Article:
WIFIRE Commons' modelling tools exploit the SDSC's supercomputing capabilities. Data is integrated with physics-based machine learning within the platform's models to predict, map, and visualize fire behavior. The QUIC-Fire model, for example, is a fast-running simulation tool that captures the interactions between fire, dynamic atmosphere, vegetation structure, and topography.
Like QUIC-Fire, FireMap is deployed in real-life scenarios by fire fighters and first responders, such as the Los Angeles Fire Department. The operational AI-based tool uses visualization techniques for prediction. "In a matter of minutes, someone with the knowledge can create a fire model about where the fire will go over the next couple of hours, so it gets used in initial attack," said Altintas.
While FireMap is responsive, the lab's latest product, BURNPRO 3D — an in-development AI tool funded by the National Science Foundation (NSF)— is proactive. It is designed to support land managers in planning and running prescribed burns— initiated to reduce an area's flammable material as part of the effort to combat megafires.
Altintas envisages a future where "every fire-useful data set" is part of WIFIRE Commons and can be combined with AI techniques to make it more accessible, scientific, and useful. The aim is to "transform data into forms that others can benefit from, and all of this community-driven, because you need more than a village to solve this problem," she said.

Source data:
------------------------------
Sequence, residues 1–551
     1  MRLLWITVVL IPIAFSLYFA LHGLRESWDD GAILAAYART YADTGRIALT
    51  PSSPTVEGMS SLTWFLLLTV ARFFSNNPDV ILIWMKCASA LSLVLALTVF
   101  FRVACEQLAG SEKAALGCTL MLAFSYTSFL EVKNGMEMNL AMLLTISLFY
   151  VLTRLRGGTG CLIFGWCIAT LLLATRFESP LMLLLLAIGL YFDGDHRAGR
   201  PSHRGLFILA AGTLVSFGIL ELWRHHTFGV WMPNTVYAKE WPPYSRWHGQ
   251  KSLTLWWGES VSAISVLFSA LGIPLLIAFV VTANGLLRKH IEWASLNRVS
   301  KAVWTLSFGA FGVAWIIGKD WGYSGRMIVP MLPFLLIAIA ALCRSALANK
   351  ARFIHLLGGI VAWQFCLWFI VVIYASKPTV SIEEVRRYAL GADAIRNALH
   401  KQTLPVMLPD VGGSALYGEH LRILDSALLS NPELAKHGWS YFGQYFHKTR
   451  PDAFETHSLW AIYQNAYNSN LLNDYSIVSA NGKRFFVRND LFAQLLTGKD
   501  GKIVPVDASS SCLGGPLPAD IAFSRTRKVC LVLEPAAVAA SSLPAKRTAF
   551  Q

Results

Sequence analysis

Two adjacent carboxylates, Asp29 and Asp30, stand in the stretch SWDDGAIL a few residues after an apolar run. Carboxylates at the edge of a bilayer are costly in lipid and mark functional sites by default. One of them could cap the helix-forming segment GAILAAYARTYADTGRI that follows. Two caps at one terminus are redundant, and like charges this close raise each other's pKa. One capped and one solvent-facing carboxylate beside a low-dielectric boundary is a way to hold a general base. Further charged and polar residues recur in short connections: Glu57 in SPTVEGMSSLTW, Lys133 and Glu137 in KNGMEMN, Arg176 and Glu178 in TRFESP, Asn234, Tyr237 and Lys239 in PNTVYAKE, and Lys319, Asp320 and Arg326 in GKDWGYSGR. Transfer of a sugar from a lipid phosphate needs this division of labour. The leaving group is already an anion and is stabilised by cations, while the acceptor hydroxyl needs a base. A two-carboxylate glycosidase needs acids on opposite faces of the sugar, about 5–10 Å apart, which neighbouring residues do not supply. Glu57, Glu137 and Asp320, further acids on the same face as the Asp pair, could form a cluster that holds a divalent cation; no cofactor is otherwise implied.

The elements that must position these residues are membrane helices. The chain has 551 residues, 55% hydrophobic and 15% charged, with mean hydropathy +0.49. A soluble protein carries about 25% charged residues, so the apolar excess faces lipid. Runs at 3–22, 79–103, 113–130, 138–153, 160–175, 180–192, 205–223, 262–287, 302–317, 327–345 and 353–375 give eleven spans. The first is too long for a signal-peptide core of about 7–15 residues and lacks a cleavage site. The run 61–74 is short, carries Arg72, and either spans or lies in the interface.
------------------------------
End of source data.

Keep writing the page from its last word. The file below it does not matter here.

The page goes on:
Ambitious collaborations between AI researchers and on-the-ground agencies underpin other wildfire solutions in the U.S. For example, ALERTWildfire, a partnership between the University of Nevada, University of California San Diego, and the University of Oregon, and such bodies as the Nevada Seismological Laboratory and utility Pacific Gas and Electric, uses Pan-Tilt-Zoom (PTZ) fire cameras and AI tools to support wildfire discovery, monitoring, and evacuation.
As wildfires burn across the planet, efforts to limit their devastating impact have also become global in scale.
Eyes on Recovery is a large-scale data and AI project led by the World Wide Fund for Nature (WWF) Australia and supported by Google AI. Its mission is to measure the impact of the 2019-20 summer bushfires (as wildfires are known in Australia) on wildlife and to support responses to future fires.
Emma Spencer is Eyes on Recovery's on-ground project coordinator. She is based in the Blue Mountains at the edge of the 2019-20 Gospers Mountain fire, one of the biggest fires in Australian history (it burned around one million hectares/nearly 2.5 million acres).
During the 2019-20 bushfire season, there were over 15,000 fires in Australia, killing or displacing around three billion creatures according to WWF Australia, said Spencer. "We're talking millions and millions of mammals and billions of reptiles, millions of birds, millions of frogs."
WWF Australia looked to its existing nationwide network of over 600 motion and thermal sensors and cameras for solutions. The network will allow them to monitor the impact of fires on wildlife and to develop strategies to support their recovery. However, with no means of managing the massive volumes of data, the team turned to AI.
In 2020, WWF Australia set up a collaboration with Conservation International and Google in the U.S., and on-the-ground partners like national parks, council groups, traditional owners, aboriginal groups, and universities to take on the challenge.